→ Hipgnosis, the investment fund that’s led the campaign to acquire song catalogs by some of the world’s most famous musicians, might have overpaid, and not just by a little. Last week, with the fund’s stock down roughly 40% since 2021, Hipgnosis said it was selling off roughly $500 million worth of its song holdings, adding that it had already offloaded some songs 17% below their “fair market value.” Watching Paul Simon haul in $250 million, Stevie Nicks $100 million, and Bob Dylan $400 million for their song catalogs in 2021, writer Ted Gioia noted even then that the values for the songs were overinflated, writing, “This obsession with old songs makes no sense. Songs are a depleting asset, much like oil in the ground. Eventually the copyright expires, and songs enter the public domain—and the older the song and the songwriter, the sooner this will happen.” Observing how rapidly the song catalogs have lost their value, Gioia wrote this weekend that “even I didn’t anticipate how badly these deals would turn out,” a phenomena he attributes in part to the ongoing financialization of the music business with “record labels, especially the largest ones … morphing into rights management operations.”
→ On Sunday, days after Danilo Cavalcante led state and national law enforcement on an almost two-week manhunt in Pennsylvania’s Chester County, nine teenagers broke out of a juvenile facility about 15 miles from the prison Cavalcante escaped, by overpowering prison employees and taking their keys. The teens didn’t last long, though, with four of the escapees turning themselves in by knocking on the front door of a homeowner on Monday morning. “They were done, they were tired, they were cold,” said David Beohm, a spokesperson for the Pennsylvania State Police. After fleeing in a stolen car, the other five teens were captured following a pursuit by police.
→ Officials at the Marine’s Joint Base in Charleston, South Carolina, are looking for help from local residents to find an F-35 fighter jet that has gone missing since the pilot of the plane safely ejected, in what officials have described as a “mishap.” Capable of landing and taking off vertically like a helicopter, and equipped with several stealth modes that prevent it from being discovered by radar, the $90 million aircraft is part of the Defense Department’s more expensive weapons systems. Officials have not said what the mission was, or why, exactly, the pilot had to abandon the plane.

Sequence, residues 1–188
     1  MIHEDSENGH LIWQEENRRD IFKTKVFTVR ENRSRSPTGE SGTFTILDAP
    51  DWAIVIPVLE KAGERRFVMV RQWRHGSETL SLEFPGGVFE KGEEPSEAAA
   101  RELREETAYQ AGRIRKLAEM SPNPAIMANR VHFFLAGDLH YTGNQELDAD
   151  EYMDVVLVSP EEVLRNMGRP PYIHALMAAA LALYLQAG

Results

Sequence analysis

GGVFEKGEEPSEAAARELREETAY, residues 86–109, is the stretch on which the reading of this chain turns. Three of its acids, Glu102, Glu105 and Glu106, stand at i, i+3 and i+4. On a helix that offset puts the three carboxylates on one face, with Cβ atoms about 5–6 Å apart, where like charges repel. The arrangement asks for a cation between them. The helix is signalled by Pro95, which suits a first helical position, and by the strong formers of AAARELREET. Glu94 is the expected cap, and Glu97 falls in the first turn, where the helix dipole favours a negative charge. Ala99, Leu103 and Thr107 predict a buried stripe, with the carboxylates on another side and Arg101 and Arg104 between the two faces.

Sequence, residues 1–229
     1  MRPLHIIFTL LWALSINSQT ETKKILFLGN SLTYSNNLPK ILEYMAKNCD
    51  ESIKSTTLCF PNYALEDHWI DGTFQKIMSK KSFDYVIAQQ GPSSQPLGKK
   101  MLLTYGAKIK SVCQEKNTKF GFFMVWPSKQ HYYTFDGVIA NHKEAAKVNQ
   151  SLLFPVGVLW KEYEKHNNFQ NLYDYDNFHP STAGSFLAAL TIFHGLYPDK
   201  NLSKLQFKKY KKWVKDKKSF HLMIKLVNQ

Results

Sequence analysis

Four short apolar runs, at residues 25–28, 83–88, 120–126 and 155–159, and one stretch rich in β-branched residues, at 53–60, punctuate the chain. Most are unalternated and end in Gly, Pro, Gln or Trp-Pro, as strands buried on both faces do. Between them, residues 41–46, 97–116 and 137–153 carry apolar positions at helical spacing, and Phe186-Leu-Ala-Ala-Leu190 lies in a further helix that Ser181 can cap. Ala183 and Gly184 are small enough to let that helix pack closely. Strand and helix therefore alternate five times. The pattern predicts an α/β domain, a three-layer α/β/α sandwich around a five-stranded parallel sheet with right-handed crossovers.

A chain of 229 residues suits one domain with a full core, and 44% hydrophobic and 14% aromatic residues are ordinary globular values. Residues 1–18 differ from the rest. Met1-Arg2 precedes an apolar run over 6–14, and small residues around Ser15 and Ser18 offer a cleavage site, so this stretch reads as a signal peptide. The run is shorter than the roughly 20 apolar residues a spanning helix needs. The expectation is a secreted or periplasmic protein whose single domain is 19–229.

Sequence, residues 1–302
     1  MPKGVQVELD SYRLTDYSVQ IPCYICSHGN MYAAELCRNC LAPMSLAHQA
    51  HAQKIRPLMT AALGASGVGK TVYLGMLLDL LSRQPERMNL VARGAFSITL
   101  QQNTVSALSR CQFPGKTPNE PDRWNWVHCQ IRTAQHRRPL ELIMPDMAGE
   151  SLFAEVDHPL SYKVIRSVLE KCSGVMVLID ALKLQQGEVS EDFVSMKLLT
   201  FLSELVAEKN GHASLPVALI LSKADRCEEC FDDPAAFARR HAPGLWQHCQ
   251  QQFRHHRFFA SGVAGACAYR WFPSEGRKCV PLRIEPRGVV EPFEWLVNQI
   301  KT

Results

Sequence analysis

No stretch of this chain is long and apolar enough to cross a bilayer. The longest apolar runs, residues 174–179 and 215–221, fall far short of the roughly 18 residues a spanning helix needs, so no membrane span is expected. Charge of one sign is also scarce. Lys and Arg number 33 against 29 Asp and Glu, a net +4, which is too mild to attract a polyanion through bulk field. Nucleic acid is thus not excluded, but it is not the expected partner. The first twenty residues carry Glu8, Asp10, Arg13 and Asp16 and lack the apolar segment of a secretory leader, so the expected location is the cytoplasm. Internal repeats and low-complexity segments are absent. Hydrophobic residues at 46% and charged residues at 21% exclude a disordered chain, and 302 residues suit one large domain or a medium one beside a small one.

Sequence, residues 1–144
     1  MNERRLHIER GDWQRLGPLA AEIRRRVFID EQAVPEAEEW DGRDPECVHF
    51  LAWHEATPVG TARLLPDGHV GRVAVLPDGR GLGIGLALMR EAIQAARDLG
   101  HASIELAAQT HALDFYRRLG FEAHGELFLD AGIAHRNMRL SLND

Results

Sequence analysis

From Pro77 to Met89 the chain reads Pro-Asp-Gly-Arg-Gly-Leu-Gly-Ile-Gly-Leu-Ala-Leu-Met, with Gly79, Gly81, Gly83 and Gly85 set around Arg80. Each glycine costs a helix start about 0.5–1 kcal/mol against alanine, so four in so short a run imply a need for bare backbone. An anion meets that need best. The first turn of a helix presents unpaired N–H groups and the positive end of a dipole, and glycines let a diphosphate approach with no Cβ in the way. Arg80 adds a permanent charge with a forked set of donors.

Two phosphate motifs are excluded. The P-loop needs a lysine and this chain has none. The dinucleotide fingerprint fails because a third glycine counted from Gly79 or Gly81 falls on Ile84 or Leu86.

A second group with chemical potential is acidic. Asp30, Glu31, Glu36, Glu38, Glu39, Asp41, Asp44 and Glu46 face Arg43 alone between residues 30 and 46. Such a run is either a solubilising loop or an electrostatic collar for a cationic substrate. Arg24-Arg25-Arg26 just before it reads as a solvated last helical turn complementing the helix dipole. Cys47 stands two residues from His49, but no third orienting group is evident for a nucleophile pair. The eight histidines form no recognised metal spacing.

→ The strongest man in the world, Lasha Talakhadze of Georgia, continued his long-standing dominance of the global weight-lifting circuit on Sunday, winning his record-breaking ninth title in the super heavyweight division. Besting the closest competitor by 28 pounds, the man who’s known simply as Lasha by fans snatched 485 pounds while hoisting 557 pounds in the clean and jerk, for an astonishing total of 1,042 pounds. Despite that herculean effort, Lasha’s coach, Giorgi Asanidze, said “the others are closing in,” and there’s still more work to do ahead of the upcoming Olympics in Paris next year. Since returning in 2015 from a two-year ban after testing positive for steroids, Lasha, 29, has won two Olympic contests and seven world titles.
TODAY IN TABLET:
The Rise of the Yom Kippur Appeal by Jenna Weissman Joselit
Why synagogues turned away from weekly ‘shnuddering’ and adopted an annual donation campaign instead
Zoya Cherkassky, Hero-Tyrant by Frances Brent
An interview with ‘Israel’s eternal dissident’ on her New York exhibition
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Blowing the COVID Cover-up Wide Open
A CIA whistleblower pulls back the curtain on COVID’s origins in the shadowy world of U.S. biodefense programs
Earlier this week, the mystery surrounding the origins of SARS-CoV-2 took another bewildering turn when the House Select Subcommittee on the Coronavirus Pandemic revealed that a “multi-decade, senior-level, current [CIA] officer” stepped forward to claim that when six of the seven specialists tasked by the CIA with investigating the origins of the virus concluded with low confidence that it likely came from a lab in Wuhan, the CIA paid those scientists hush money to reverse their decision. The six experts who were offered “financial incentives”—otherwise known as bribes—eventually concluded that the origin of the pandemic was uncertain. For its part, the CIA has denied the whistleblower’s claims. This denial was issued by CIA spokesperson Tammy Kupperman Thorp who, until just two years ago, worked as a journalist for CNN and NBC News covering, among other things, the CIA.
Despite intense investigations for the past three years, the origins of the worst pandemic in generations remain, to this day, unknown. What is certain, however, is that a massive official cover-up took place. There is proof that Anthony Fauci knowingly deceived the public, that academic scientists and once-prestigious science journals colluded with him in that deception, and that scientists investigating the virus at the Defense Intelligence Agency’s National Center for Medical Intelligence were censored when they concluded it most likely came from a laboratory. Now there appears to be evidence that the CIA was involved as well.
What we still don’t know is what exactly was covered up. China isn’t a U.S. ally. So why would the CIA want to hide evidence that the virus might have come from a Chinese government laboratory? The answer may have to do with the fact that funding for the infamous Wuhan Institute of Virology came from the United States Agency for International Development (USAID)—which is relevant because USAID, while nominally America’s foreign aid agency, has decadeslong ties to the CIA and a history of acting as a cutout for the intelligence agency.